at the Cavendish Laboratory in Cambridge reporting a high efficiency green light-emitting polymer based device using 100 nm thick films of poly(p-phenylene vinylene). Universal Display Corporation holds the majority of patents concerning the commercialization of OLEDs. H. .Research into polymer electroluminescence culminated in 1990 with J. Burroughes et al.

foil) .Components of OLED :  Substrate (clear plastic.The substrate supports the OLED.The anode removes electrons (adds electron "holes") when a current flows through the device. The biggest part of manufacturing OLEDs is applying the organic layers to the substrate.  Emissive layer . One conducting polymer used in OLEDs is polyaniline.These layers are made of organic molecules or polymers.  Organic layers .  Conducting layer .This layer is made of organic plastic molecules that transport "holes" from the anode.  Anode (transparent) . This can be done in three ways: .  Cathode (may or may not be transparent depending on the type of OLED) .This layer is made of organic plastic molecules (different ones from the conducting layer) that transport electrons from the cathode. this is where light is made.The cathode injects electrons when a current flows through the device. glass. One polymer used in the emissive layer is polyfluorene.

This process is expensive and inefficient. where they condense into thin films. Inkjet printing .With inkjet technology.In a vacuum  chamber. . OLEDs are sprayed onto substrates just like inks are sprayed onto paper during printing. Using a carrier gas increases the efficiency and reduces the cost of making OLEDs. a carrier gas transports evaporated organic molecules onto cooled substrates. Organic vapor phase deposition (OVPD) . Vacuum deposition or vacuum thermal evaporation (VTE) . Inkjet technology greatly reduces the cost of OLED manufacturing and allows OLEDs to be printed onto very large films for large displays like 80-inch TV screens or electronic billboards. hot-walled reactor  chamber.In a low-pressure. the organic molecules are gently heated (evaporated) and allowed to condense as thin films onto cooled substrates.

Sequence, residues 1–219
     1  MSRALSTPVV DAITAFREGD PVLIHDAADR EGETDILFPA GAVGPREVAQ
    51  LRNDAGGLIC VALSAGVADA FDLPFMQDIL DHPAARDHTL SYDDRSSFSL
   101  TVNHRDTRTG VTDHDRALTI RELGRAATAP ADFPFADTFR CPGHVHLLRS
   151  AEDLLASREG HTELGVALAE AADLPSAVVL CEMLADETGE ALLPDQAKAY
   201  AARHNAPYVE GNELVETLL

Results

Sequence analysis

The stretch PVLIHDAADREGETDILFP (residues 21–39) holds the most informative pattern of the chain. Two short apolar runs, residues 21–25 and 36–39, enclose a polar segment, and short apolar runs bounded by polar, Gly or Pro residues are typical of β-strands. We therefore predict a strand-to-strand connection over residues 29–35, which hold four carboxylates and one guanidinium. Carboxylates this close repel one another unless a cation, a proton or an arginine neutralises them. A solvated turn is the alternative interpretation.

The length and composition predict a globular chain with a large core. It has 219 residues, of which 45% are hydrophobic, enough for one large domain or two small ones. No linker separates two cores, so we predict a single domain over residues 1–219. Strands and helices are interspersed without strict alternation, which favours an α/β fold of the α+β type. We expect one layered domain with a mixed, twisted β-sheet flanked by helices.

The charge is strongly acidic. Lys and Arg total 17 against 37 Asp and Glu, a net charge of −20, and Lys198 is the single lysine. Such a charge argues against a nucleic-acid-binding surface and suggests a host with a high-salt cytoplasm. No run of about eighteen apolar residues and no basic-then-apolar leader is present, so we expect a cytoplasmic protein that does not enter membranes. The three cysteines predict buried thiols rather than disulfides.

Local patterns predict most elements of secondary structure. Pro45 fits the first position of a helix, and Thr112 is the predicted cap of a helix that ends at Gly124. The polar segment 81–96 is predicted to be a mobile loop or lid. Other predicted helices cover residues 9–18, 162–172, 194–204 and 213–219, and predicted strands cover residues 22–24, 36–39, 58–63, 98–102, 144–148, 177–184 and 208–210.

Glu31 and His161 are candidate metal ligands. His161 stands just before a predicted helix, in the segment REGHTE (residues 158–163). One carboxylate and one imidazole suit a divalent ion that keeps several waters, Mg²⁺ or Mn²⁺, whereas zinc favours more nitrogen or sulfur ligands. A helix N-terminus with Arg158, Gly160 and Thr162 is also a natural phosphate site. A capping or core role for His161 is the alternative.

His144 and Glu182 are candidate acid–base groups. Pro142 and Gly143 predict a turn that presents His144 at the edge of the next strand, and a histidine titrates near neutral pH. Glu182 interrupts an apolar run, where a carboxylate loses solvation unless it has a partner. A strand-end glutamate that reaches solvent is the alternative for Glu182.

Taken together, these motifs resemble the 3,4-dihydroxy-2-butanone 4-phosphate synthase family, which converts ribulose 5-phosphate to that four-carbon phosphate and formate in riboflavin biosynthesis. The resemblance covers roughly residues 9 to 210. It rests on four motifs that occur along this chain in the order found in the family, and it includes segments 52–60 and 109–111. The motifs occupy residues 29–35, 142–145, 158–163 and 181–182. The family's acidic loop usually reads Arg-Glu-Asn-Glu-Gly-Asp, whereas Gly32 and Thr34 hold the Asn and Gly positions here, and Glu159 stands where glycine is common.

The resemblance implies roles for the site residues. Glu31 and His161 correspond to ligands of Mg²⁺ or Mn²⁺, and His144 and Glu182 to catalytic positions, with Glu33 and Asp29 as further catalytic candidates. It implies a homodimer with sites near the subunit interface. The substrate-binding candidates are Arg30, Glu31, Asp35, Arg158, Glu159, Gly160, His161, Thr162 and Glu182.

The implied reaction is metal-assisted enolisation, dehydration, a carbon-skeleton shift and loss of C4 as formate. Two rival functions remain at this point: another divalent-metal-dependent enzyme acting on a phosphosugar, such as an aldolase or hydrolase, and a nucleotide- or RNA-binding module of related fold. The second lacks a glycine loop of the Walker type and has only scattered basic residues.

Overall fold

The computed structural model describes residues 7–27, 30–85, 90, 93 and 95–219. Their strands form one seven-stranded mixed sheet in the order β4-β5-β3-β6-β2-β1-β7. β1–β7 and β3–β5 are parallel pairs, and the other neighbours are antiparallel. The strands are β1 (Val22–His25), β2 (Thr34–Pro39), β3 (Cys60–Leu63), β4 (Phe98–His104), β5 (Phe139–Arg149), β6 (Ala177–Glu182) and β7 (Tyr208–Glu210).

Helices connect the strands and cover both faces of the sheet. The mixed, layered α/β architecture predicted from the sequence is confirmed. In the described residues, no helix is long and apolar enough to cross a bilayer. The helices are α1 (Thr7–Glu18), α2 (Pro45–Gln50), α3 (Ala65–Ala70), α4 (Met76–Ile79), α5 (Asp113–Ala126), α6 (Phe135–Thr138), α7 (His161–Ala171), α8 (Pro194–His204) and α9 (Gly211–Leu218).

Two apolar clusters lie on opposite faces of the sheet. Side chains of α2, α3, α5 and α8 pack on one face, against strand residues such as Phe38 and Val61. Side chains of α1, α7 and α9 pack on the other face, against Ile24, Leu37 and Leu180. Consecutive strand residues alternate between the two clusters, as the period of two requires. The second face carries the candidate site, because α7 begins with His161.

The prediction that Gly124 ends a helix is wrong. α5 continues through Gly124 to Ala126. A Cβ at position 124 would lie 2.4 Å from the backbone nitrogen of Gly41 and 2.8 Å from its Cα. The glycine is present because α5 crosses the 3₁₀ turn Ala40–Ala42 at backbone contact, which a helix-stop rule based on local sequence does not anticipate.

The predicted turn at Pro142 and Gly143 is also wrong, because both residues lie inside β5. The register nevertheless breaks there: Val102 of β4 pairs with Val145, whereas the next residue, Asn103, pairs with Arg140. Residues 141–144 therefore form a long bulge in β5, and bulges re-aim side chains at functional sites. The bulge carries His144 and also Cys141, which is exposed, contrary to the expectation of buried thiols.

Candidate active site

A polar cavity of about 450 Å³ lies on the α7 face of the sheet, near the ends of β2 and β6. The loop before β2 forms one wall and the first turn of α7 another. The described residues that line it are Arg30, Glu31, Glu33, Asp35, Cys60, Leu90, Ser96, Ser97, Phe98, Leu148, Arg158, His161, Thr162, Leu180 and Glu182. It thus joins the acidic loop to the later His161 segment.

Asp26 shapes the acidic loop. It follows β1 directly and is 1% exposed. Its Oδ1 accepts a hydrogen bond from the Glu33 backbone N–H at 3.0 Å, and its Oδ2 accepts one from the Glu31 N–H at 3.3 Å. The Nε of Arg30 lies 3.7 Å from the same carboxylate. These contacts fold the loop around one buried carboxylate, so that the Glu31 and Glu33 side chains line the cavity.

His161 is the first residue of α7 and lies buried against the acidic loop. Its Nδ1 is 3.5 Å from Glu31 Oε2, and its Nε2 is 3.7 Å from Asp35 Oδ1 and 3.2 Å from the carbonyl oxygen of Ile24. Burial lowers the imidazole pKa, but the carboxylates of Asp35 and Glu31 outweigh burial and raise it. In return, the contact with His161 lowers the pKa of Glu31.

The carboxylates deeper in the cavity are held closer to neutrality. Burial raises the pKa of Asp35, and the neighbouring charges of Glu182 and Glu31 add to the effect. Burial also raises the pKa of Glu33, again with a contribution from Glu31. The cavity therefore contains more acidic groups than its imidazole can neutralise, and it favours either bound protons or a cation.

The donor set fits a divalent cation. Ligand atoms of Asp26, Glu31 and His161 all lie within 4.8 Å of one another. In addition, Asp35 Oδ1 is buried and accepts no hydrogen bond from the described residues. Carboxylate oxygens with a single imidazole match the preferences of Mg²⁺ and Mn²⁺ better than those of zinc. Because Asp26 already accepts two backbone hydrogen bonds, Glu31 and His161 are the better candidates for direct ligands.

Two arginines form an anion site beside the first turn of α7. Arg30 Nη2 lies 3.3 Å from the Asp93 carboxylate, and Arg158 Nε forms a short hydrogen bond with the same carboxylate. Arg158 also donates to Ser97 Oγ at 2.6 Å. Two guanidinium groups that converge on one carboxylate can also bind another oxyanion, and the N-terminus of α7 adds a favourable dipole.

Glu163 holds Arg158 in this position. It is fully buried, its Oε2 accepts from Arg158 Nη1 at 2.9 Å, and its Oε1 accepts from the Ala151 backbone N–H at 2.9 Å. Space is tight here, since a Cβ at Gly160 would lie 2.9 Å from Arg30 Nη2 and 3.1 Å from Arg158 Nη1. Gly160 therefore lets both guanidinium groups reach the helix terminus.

. When this happens.How do OLEDs Emit Light :  The battery or power supply of the device containing the OLED applies a voltage across the OLED.  The OLED emits light. (This is the equivalent to giving electron holes to the conductive layer. When an electron finds an electron hole. the electron gives up energy in the form of a photon of light .  An electrical current flows from the cathode to the anode through the organic layers (an electrical current is a flow of electrons). electrons find electron holes. the electron fills the hole (it falls into an energy level of the atom that's missing an electron). The cathode gives electrons to the emissive layer of organic molecules. The anode removes electrons from the conductive layer of organic molecules.)  At the boundary between the emissive and the conductive layers.

 The color of the light depends on the type of organic molecule in the emissive layer. the brighter the light. . Manufacturers place several types of organic films on the same OLED to make color displays.  The intensity or brightness of the light depends on the amount of electrical current applied: the more current.